In the COT Report above, the Commercial net short position in silver was reported by the CME Group as 483 million troy ounces.  As mentioned in the previous paragraph, the short position of the Big 8 traders is 553 million troy ounces.  So the short position of the Big 8 traders is larger than the total Commercial net short position by around 553-483=70 million troy ounces.

The reason for the difference in those numbers…as it always is…is that Ted’s raptors, the 27-odd small commercial traders other than the Big 8, are net long that amount.

Another way of stating this is that if you removed the Big 8 commercial traders from that category, the remaining traders in the commercial category are net long the COMEX silver market.  It’s the Big 8 against everyone else…a situation that has existed for about three decades in both silver and gold — and now in platinum as well.

As I mentioned in my COT commentary in silver above, Ted figures that JPMorgan is short around 16,500 contracts, up around 3,500 contracts from the 13,000 COMEX contracts in last week’s COT Report.  That works out to around 82.5 million troy ounces of paper silver…which works out to around 35 days of world silver production that JPMorgan is short…up 7 days from last week’s report.

Based on the numbers in the paragraph below, that puts JPMorgan in the #2 or #3 spot of the Big 4/8 traders.  Citigroup is by far the largest…but JPMorgan is catching up fast.

As per the first paragraph above, the Big 4 traders in silver are short around 160 days of world silver production in total. That’s 40 days of world silver production each, on average.  The four traders in the ‘5 through 8’ category are short around 77 days of world silver production in total, which is around 19.25 days of world silver production each, on average.

The Big 8 commercial traders are short 48.2 percent of the entire open interest in silver in the COMEX futures market, which is down a bit from the 49.1 percent they were short in last week’s report.  And once whatever market-neutral spread trades are subtracted out, that percentage would be around the 55 percent mark.  In gold, it’s now 39.7 percent of the total COMEX open interest that the Big 8 are short, down a hair from the 40.3 percent they were short in last week’s report — and around 45 percent, once the market-neutral spread trades are subtracted out.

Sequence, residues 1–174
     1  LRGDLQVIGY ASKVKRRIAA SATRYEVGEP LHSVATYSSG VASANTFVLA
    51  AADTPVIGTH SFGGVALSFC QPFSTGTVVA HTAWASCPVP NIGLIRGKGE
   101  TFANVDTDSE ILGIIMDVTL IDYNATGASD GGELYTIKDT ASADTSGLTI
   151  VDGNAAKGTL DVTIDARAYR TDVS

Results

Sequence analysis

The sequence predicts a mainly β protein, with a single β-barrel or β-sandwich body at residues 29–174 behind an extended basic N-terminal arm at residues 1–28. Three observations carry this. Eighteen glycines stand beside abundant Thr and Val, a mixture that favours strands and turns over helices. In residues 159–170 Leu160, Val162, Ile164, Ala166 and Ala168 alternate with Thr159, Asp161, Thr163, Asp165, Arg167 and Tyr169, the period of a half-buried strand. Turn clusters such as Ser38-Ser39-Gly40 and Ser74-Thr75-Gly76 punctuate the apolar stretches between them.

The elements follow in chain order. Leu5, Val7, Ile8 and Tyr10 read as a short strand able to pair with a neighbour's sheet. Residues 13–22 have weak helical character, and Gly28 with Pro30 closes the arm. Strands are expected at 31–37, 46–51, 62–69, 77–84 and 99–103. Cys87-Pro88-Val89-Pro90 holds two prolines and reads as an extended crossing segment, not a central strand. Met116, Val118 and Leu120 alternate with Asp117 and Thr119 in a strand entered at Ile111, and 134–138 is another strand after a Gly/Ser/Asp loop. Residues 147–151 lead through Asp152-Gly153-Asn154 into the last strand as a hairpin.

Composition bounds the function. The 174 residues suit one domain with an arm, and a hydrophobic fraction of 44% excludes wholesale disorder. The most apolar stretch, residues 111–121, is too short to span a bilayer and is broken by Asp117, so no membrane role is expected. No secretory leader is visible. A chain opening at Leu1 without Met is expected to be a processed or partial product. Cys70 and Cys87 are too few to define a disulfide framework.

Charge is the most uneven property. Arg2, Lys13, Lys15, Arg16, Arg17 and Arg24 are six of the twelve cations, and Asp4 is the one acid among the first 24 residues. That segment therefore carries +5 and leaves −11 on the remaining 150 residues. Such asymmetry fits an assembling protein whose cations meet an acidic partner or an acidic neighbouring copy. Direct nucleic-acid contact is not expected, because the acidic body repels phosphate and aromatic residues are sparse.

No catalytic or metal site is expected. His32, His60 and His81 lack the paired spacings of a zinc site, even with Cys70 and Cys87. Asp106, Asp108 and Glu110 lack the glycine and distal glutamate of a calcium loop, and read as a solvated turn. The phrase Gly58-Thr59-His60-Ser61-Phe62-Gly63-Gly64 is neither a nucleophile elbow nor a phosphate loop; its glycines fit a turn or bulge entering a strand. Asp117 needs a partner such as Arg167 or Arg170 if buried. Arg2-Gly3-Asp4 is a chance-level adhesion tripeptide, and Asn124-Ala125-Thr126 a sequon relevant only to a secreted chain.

In gold, the Big 4 are short 70 days of world gold production, up 1 day from last week’s COT Report.  The ‘5 through 8’ are short another 38 days of world production, up 2 days from last week’s report…for a total of 108 days of world gold production held short by the Big 8…up 3 days from last week’s COT Report.  Based on these numbers, the Big 4 in gold hold about 65 percent of the total short position held by the Big 8…down 1 percentage point from last week’s report.

The “concentrated short position within a concentrated short position” in silver, platinum and palladium held by the Big 4 commercial traders are about 68, 73 and 80 percent respectively of the short positions held by the Big 8…the red and green bars on the above chart.  Silver is about unchanged from last week’s COT Report…platinum is up 1 percentage point from a week ago — and palladium is unchanged week-over-week.

And as Ted has been pointing out for years now, JPMorgan is, as always, in a position to double cross the other commercial traders at any time and walk away smelling like a rose — and that’s because of the massive amounts of physical gold and silver they hold.

I have a very decent number of stories for you today.


CRITICAL READS

Debt will kill the global economy. But it seems no one cares

The warning signs are clear. Debt is rising on every continent and especially in the business sector, which has spent the past decade ramping up its borrowing to previously unheard-of levels.